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I left a trail of oil approximately 1000 feet long between my hangar and where I stopped. With the help of a friend, we dragged the plane back to my hangar and found part of this gasket poking out from between the case and the oil screen housing.
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A half-roll of paper towels along with copious quantities of Stoddard solvent later, I removed the oil screen housing and found this torn gasket. Not good. Lucky for me, we’ve got Firewall Forward located on the field. Those guys are really good to all us locals. They spend a half-hour looking through their boxes of gaskets trying to find the exact part and in the end ended up just giving me some gasket material to make a new one.
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After having pumped all but 2 quarts of oil out of the sump, I decided I may as well go ahead and do an oil change. It had already been 20 hours since the last oil change, so I wasn’t too far away from my 25 hour interval anyway. Happy to find nothing in the oil screen and with the new gasket fabricated and installed, I left the plane on Wednesday night sitting with fresh oil and ready for a leak-check run-up the next day.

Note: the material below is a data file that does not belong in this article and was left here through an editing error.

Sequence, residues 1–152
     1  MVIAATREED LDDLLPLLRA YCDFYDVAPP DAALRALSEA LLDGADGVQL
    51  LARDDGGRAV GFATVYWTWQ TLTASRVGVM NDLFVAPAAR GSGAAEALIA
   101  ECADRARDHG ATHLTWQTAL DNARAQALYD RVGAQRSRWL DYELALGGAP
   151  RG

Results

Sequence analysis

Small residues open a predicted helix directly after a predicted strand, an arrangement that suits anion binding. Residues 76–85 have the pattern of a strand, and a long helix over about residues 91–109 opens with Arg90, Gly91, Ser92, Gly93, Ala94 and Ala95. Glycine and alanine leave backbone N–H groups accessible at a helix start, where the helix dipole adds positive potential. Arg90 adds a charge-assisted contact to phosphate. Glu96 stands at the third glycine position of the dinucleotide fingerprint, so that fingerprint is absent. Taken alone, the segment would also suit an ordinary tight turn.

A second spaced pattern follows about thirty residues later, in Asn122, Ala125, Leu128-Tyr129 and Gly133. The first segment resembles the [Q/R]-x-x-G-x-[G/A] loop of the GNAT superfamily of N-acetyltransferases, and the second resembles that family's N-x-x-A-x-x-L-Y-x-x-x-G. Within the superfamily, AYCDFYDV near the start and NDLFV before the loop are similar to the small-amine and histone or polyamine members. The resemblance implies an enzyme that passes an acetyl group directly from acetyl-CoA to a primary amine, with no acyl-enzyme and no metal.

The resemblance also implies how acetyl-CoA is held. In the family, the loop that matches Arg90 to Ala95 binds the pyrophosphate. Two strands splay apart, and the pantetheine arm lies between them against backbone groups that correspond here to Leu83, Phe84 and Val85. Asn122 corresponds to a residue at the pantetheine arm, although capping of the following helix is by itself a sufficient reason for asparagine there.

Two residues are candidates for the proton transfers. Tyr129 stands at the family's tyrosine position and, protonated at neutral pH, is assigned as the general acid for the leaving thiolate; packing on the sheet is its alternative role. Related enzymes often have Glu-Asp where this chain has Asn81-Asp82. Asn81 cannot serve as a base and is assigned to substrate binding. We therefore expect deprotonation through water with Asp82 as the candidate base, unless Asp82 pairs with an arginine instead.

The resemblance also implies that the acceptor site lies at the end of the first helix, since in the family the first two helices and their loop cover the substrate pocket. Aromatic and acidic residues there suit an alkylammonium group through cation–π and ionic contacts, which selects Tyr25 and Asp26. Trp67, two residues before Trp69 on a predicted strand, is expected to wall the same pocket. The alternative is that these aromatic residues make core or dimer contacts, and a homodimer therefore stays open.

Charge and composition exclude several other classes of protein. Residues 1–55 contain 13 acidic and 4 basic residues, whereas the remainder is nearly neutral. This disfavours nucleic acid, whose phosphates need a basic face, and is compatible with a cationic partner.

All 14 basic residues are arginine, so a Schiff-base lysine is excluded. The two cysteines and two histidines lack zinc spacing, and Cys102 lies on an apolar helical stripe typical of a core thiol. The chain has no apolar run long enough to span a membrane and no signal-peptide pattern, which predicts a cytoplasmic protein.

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The leak-check was dry as a bone so I went and flew it for 0.8 hours on the Hobbs today. Came back and it was completely dry inside. I’m really fortunate that this incident didn’t ruin my engine, or worse, cause an off-field landing. If that little gasket had held out 10-15 minutes longer, I would have been airborne and might be writing a very different report… or none at all, if things really went poorly.
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The moral to this story (i.e. the lesson I learned) is that no leak, no matter how small, should be ignored. I’d been chasing a leak from day one on this engine. I thought it was coming from the oil screen or the oil temperature bulb. I hockey-puckied the heck out of the threads and replaced the copper crush washers several times trying to fix the leak. It seemed to go away for a time, but had come back within the last 5 hours or so. I was putting off dealing with it because I’m planning a re-work of my oil system anyway when I install the spin-on oil filter and re-locate my oil cooler. Putting it off almost cost me dearly.

Since the upper and lower cowling were removed anyway, I decided to tackle a little project I’ve had in mind for several months. I’d like to fabricate plugs for the inlets on the front of my cowling. I’d like to make fiberglass plugs so that they fit nice and look nice. I taped off and waxed the openings in preparation for the fiberglass and resin.

These are some of my fiberglass supplies. The cloth was cut on the bias so that it will lay down better around all the curves. The roll of white is shelf paper. I find that it’s sticky enough to adhere to the part, but not so stick as to leave residue. The greenish roll is just just masking paper. The white tub is Partall paste wax that I’ll use as a parting agent.